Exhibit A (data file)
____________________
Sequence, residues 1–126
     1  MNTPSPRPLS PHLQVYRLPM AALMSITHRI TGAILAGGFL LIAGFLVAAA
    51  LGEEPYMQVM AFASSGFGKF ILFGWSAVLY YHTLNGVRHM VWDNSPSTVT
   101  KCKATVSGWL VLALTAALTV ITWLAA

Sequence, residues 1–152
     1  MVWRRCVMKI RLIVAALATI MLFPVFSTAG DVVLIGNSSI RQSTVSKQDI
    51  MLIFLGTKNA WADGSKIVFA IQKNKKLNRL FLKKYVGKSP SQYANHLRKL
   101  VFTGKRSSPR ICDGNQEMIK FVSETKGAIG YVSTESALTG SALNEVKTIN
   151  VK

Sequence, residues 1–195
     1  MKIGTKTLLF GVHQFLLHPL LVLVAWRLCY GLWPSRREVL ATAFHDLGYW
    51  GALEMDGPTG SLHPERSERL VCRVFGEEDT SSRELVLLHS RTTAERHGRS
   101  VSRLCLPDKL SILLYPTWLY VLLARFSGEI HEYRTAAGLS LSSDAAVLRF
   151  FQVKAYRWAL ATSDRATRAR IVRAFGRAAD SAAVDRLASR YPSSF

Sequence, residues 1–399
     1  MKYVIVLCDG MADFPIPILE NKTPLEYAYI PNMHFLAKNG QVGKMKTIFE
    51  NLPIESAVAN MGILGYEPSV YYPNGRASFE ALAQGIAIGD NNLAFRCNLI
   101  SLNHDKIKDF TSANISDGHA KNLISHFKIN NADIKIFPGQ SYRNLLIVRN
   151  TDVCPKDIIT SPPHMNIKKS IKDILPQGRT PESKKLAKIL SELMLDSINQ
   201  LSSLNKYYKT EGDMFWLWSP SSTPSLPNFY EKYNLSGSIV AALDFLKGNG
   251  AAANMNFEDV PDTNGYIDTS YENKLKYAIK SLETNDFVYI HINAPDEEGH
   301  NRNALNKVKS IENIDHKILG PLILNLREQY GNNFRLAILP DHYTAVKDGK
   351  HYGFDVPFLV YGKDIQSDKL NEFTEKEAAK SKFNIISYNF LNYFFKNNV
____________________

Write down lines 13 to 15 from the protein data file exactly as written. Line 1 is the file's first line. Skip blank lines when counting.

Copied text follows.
   101  VSRLCLPDKL SILLYPTWLY VLLARFSGEI HEYRTAAGLS LSSDAAVLRF
   151  FQVKAYRWAL ATSDRATRAR IVRAFGRAAD SAAVDRLASR YPSSF

Sequence, residues 1–399